By Clarence Gaines
This post was contributed by longtime NBA scout Clarence Gaines, who spotted the un-recruited talent of Jamal McClerkin while attending an AAU game earlier this week. Special thanks to Clarence for allowing us to reprint his scouting report here.
Any Division 1 or 2 BB coaches have a scholarship available. Saw a special athlete on Monday Night. Jamal McClerkin is a 6’1 185 pound senior who just graduated from Chaminade High School in West Hills, CA. Jamal played a game with Ed Song’s California Select team in the Pangos Summer Tip-Off tournament against Cal Supreme Red’s Team on Tuesday, July 6. California Select lost by 1 and could have easily beaten one of the top ranked travel teams in California. But the result doesn’t matter, it’s the effort of Song’s young team that caught my eye, particularly Jamal McClerkin, who was the best player on the floor on this night. I didn’t say the most skilled; I said the best player. Jamal played the game with a ferocity that you rarely see in a young athlete. He left it on the floor. He played the game with passion, toughness, energy and intensity.
I was sitting by Byron Wesley’s (committed to USC 2011) dad. Byron plays for Cal Supreme and is a very nice player. He plays with poise and I like his shooting ability. USC has a young man who has a chance to have a stellar career at the small forward position. First thing I said to Byron’s dad is that Jamal has a football mentality. He plays with that type of toughness and heart. He fears nobody and is the type of player who can take the heart out of his opponent. Byron’s father loved his athleticism, but was skeptical of his basketball skill. I kept telling him that Jamal is the type of player who wins games for coaches. Extremely PRODUCTIVE player. Superior rebounder for size. Don’t know the stats,but he had to be the leading rebounder on the floor. He was boarding over players 5 to 8 inches taller than him. It was truly a sight to behold. If I’m a college coach, this is the type of kid I can work with and develop. One thing that I don’t have to worry about is his will to win or his work ethic. Byron’s dad questioned Jamal’s shooting ability because the majority of his points came off drives and rebound put backs. Jamal silenced him with a sweet jumper with about 5 minutes left in the game from about 17 feet. Caught in rhythm and hit nothing but net. He leaned over to me and said; I guess he can shoot.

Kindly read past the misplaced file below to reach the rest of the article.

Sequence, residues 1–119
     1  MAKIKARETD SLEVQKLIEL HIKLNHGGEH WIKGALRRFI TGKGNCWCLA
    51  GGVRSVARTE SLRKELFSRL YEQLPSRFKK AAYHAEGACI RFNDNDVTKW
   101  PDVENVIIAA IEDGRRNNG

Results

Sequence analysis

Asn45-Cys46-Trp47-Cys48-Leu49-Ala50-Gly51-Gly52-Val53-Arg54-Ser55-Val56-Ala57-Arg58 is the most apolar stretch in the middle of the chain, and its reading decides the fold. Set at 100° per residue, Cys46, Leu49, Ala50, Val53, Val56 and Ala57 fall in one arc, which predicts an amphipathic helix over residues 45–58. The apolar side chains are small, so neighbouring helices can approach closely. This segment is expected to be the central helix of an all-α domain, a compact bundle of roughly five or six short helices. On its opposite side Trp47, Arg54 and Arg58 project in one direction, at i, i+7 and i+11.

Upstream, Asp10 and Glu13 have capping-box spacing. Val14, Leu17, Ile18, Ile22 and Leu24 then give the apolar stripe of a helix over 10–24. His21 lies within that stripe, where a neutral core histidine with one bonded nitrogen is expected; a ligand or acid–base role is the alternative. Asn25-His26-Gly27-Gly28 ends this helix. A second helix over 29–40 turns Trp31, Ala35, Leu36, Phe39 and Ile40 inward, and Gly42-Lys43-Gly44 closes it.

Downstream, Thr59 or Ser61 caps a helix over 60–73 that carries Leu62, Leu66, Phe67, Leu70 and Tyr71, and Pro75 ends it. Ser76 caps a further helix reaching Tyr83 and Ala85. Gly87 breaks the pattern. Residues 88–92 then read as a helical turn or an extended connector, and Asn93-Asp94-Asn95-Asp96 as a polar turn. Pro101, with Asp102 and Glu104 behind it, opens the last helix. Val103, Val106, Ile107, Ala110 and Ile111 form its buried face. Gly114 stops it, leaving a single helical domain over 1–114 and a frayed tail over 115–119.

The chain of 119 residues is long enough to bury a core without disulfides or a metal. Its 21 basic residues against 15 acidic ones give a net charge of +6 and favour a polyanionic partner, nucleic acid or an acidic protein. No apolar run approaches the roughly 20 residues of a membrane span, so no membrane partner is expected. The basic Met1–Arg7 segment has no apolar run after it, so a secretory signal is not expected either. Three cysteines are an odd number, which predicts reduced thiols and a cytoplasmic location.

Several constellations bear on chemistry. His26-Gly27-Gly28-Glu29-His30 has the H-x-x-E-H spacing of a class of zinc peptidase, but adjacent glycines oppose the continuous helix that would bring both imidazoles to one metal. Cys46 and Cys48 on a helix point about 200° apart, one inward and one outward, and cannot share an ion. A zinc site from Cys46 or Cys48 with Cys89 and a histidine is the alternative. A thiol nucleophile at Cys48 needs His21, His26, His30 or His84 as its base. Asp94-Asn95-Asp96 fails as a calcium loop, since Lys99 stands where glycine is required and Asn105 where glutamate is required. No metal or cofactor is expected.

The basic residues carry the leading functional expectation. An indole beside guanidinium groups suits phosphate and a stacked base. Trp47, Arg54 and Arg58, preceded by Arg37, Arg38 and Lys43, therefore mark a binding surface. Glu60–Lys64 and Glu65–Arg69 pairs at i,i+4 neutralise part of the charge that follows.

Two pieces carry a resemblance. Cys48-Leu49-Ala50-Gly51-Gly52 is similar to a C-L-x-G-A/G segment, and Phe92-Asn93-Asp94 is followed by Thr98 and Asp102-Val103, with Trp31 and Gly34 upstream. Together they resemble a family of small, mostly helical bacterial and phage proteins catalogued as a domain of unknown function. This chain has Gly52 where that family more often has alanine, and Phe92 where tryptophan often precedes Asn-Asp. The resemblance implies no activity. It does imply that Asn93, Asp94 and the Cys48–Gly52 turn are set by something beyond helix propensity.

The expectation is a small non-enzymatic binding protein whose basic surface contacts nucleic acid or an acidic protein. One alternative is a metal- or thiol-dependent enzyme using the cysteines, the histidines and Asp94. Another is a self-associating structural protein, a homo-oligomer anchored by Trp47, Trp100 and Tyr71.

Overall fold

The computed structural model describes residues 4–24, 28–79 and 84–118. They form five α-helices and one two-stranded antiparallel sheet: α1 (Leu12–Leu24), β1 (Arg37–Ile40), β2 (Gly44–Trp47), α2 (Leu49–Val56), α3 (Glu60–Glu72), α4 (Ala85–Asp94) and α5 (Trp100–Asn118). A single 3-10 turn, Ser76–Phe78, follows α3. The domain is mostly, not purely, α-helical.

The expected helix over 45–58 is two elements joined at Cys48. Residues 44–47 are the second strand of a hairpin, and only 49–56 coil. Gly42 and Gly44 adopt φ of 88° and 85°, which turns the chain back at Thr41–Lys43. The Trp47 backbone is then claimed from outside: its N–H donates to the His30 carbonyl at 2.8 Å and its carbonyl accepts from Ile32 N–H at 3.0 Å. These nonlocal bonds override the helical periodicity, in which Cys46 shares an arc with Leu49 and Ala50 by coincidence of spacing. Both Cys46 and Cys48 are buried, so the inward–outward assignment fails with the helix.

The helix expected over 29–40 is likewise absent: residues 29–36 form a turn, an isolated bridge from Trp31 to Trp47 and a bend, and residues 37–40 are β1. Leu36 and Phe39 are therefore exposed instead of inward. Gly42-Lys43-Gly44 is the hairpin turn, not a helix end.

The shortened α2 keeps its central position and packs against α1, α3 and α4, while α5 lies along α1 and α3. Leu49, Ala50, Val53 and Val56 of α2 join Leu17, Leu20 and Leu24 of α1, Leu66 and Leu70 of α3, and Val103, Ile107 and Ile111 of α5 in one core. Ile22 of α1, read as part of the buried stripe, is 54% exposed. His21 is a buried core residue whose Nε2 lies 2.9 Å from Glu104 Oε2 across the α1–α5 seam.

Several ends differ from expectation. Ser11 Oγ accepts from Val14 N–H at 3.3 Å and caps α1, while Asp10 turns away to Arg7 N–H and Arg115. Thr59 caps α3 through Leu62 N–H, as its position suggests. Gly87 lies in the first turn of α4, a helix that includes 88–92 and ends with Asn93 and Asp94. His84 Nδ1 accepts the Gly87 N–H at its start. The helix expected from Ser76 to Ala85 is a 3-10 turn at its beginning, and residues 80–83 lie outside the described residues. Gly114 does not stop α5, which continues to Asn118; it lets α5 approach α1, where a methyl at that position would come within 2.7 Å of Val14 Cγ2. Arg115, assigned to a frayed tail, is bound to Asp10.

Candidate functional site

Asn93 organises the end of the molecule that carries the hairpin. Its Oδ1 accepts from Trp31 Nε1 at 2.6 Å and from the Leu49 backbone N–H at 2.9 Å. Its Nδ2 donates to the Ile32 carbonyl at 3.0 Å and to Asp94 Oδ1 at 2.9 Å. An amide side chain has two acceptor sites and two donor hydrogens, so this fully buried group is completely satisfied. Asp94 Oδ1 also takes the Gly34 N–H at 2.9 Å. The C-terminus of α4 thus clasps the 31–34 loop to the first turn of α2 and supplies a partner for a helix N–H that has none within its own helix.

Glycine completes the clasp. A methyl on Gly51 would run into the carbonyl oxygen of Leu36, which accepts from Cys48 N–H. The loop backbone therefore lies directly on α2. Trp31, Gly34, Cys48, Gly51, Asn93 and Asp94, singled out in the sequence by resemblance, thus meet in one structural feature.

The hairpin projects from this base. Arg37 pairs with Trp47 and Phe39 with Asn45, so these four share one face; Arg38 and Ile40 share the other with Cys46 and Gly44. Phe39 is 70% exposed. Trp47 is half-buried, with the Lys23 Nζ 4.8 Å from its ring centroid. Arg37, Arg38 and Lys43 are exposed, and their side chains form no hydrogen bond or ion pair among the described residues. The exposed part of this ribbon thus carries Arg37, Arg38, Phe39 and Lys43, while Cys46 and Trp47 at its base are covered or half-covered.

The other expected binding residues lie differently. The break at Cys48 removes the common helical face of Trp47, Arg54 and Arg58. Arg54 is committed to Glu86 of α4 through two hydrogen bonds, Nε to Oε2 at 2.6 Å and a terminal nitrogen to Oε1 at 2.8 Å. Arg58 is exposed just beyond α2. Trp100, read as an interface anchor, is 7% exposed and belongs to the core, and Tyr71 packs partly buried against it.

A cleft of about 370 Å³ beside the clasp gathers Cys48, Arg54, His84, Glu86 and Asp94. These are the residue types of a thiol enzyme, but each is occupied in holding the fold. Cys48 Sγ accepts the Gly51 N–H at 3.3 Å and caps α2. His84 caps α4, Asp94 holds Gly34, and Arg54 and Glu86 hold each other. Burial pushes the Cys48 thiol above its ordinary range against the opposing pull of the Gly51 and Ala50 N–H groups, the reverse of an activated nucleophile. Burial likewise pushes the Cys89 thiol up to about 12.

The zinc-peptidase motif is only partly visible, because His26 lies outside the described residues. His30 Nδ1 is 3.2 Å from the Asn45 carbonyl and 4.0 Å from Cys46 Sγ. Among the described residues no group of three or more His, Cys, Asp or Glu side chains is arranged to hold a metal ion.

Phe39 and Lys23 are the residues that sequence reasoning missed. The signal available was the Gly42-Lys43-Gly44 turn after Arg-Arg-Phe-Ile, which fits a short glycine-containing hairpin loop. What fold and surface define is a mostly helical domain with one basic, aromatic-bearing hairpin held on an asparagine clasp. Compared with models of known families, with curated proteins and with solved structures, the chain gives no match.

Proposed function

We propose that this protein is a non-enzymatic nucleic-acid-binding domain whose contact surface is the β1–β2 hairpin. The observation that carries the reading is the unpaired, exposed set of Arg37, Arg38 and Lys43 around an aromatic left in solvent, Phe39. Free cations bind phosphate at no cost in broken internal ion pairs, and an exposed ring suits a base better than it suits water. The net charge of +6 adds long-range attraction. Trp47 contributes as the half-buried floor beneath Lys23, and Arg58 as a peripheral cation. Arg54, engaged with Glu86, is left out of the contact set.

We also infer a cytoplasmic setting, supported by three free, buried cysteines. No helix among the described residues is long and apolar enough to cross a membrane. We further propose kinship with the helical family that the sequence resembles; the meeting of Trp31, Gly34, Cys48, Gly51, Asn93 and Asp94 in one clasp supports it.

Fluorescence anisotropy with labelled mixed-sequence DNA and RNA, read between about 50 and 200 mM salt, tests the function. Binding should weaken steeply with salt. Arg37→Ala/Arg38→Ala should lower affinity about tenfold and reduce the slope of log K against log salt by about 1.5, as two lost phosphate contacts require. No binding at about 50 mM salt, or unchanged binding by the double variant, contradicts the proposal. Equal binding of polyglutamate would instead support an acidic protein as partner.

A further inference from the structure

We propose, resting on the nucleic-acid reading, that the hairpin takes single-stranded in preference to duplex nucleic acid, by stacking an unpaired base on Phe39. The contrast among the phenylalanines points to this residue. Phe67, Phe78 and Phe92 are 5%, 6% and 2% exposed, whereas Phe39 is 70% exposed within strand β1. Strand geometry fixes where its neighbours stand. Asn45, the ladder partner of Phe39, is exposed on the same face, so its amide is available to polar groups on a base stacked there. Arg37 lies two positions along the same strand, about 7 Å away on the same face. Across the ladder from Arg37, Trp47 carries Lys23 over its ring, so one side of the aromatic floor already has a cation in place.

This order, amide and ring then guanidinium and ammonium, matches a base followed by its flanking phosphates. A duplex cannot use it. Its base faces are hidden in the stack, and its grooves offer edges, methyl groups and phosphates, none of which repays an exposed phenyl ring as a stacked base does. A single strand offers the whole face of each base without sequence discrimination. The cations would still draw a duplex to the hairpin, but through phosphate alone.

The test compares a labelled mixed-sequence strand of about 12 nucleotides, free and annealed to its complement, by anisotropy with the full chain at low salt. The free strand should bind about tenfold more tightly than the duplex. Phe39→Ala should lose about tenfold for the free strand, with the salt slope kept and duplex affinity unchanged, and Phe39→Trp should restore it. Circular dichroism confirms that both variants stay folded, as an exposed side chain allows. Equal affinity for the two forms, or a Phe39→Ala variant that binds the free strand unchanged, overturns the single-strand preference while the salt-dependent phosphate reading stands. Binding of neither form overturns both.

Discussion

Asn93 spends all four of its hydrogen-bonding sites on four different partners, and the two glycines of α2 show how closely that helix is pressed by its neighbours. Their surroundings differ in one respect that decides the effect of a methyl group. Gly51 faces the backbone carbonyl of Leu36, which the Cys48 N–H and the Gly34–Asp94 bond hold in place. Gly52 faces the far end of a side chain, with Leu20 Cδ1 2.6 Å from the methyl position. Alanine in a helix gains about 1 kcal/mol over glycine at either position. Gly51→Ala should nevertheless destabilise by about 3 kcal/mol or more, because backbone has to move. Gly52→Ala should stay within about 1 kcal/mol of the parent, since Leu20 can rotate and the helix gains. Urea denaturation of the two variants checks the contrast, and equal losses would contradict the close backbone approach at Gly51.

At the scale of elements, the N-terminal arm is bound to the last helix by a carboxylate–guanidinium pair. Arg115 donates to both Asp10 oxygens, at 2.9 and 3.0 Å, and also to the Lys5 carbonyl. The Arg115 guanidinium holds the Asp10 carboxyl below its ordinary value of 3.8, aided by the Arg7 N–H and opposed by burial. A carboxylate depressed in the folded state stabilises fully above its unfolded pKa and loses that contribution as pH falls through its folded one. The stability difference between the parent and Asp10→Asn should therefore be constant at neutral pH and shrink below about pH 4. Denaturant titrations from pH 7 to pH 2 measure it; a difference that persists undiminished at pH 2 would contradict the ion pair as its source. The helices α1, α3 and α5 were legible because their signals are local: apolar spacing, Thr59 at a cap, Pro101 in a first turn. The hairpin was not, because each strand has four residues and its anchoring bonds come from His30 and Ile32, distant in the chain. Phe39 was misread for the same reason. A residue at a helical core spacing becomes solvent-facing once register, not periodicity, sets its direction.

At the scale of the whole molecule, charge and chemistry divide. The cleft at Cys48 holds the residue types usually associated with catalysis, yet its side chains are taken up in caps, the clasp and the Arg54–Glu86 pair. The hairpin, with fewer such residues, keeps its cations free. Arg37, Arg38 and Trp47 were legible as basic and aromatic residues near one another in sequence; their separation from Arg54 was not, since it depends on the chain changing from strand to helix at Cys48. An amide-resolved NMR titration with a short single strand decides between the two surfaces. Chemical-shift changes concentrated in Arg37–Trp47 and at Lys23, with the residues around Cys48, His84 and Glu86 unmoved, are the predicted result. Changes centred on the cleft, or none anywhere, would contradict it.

Enough of the narrative. Let’s get to the bottom line. Jamal is a two sport athlete. Played wide receiver in high school. I can’t believe he wasn’t recruited to play football in college. I played college football. I also was a scout for 11 years in the NBA. I know an athlete when I see one. Jamal is a high level division 1 football player. I don’t know what type of wide receiver he was, but I do know a football player when I see one. He could easily play any defensive backfield position. With all the troubles USC is currently experiencing, they should get on the phone and immediately offer this kid a football scholarship.
Let’s talk basketball. Even though I love him as a football prospect, I suspect he loves basketball more than football.
He has a future in the college level in basketball (I think he has pro potential in football).
He should easily draw interest from low to mid major division 1 basketball programs.
Division II programs should be knocking the door down. This kid is planning to go to a junior college in 2010-11 and I can’t believe it.
I think he qualifies academically for a 4 year school. Went to a very good private school. The kid is a stud. A stud.
Image Source: DailyNews